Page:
The US Air Force Academy, in conjunction with the NATO RTO
(Research Technology Organization) AVT-201 Task Group, "Extended
Assessment of Reliable Stability and Control Prediction Methods
for NATO Air Vehicles", contributes to evaluating the
state-of-the-art of computational aerodynamics by applying
computational fluid dynamics to a generic UCAV configuration
known as SACCON (Stability And Control CONfiguration). The
objective of the task group is to determine an overall
strategy for creating stability and control databases for vehicle
simulation at full-scale conditions, including the deflection of
control surfaces, throughout the operational envelope of
the vehicle. The aim of these simulations was to
validate the CFD results against wind tunnel data obtained by
DLR, the German Aerospace Center. Available experimental
data included force and moment coefficients, and surface
pressure coefficients at various cuts through the fuselage and
The SACCON model has a reference chord length of 0.479m and a
wingspan of 1.538m. It is a swept wing flying wing configuration
typical of the next generation UCAVs currently under development.
The tests were conducted at approximately 50 m/s giving a Reynolds
number of 1.57 million. The flowfield for this configuration at
even moderate angles of attack is dominated by the vortices shed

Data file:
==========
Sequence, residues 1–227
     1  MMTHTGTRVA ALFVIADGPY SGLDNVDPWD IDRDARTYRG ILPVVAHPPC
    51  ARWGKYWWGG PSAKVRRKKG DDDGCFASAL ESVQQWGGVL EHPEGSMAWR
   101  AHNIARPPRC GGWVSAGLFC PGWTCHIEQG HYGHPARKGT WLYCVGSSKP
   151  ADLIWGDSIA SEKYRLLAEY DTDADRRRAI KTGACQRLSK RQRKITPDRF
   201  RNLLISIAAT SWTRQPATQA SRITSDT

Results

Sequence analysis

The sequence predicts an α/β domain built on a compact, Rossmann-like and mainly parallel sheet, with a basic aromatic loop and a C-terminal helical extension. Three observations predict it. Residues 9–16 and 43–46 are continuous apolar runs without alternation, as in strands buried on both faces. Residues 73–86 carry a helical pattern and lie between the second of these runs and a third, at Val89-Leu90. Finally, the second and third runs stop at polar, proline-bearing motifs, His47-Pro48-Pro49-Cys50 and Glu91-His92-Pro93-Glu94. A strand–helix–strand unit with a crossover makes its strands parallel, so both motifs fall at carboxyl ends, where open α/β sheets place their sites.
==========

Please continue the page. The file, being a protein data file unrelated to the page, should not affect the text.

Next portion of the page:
from the leading edge.
The full-span grid has up to ~150 million cells, with very high
resolution close to the leading edge--in order to resolve the
initiation of the vortices, and downstream of the wing--in order to
resolve the off body vortices that arise at higher angles of attack.
The CFD codes applied to this problem include Cobalt and Kestrel.
The HPCMP resource used was the ERDC's Garnet machine. Typical
simulations of the full-span configuration run on 5120 nodes over 24
hours to generate 0.2 seconds of flight time.
Visualization is the key to understanding the phenomena that occurs
in the flowfield about the air vehicle. In particular, we are
interested in the distribution of pressure across the surface, but
also understanding how vortices form off the leading edge of the
wing and evolve and interact downstream, affecting the pressure
distribution and therefore the forces and moments experienced by the
Several visualization techniques have been used. One of the images
above shows an isosurface of vorticity-magnitude colored by
velocity-magnitude. The plan view images show contours of surface
pressure coefficient along with streamtraces seeded close to the
leading edge. This allows one to get a sense of the behavior of the
vortices. Such visualizations are repeated at different angles of
attack to help explain the observed changes in forces and moments.
This project has both large grids and a large number of flight
conditions to analyze: static angle of attack and angle of sideslip
sweeps, and dynamic motion about the pitch and yaw axes. All this
adds up to a large quantity of data to post-process. The secure
remote desktop (SRD) system supported by DAAC has been critical in
enabling efficient post-processing of this large volume of data.
Rather than downloading the data down to a local machine, it can be
passed to the utility servers and post-processed "in the cloud" via
the SRD interface. While there are many software options for
providing visualization available on SRD, we chose to use Tecplot
for the majority of our visualizations in order to be consistent
with visualizations provided by other institutions from partner